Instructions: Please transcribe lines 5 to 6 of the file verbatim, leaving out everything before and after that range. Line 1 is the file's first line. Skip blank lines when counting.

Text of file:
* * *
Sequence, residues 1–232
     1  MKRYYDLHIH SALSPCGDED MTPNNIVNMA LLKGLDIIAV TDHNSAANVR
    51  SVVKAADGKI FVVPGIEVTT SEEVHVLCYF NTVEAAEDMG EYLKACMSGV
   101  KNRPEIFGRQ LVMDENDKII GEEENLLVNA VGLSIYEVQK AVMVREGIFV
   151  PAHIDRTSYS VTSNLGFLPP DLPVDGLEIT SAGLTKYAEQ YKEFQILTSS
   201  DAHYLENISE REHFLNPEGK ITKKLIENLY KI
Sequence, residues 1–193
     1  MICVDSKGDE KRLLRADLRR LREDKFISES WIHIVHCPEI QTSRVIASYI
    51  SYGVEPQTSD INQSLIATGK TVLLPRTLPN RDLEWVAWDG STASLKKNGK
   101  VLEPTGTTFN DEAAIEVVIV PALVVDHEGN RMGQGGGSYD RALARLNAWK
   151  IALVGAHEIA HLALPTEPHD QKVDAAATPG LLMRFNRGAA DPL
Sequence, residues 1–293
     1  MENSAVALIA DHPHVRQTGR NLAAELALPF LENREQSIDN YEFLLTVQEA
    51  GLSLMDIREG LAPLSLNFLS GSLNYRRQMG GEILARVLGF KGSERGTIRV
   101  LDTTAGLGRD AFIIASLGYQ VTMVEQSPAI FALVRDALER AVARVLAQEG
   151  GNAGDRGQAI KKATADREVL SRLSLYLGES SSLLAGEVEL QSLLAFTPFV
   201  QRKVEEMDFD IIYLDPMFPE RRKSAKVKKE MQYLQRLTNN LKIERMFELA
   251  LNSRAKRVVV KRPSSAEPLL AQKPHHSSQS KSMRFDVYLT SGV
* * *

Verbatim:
   151  PAHIDRTSYS VTSNLGFLPP DLPVDGLEIT SAGLTKYAEQ YKEFQILTSS
   201  DAHYLENISE REHFLNPEGK ITKKLIENLY KI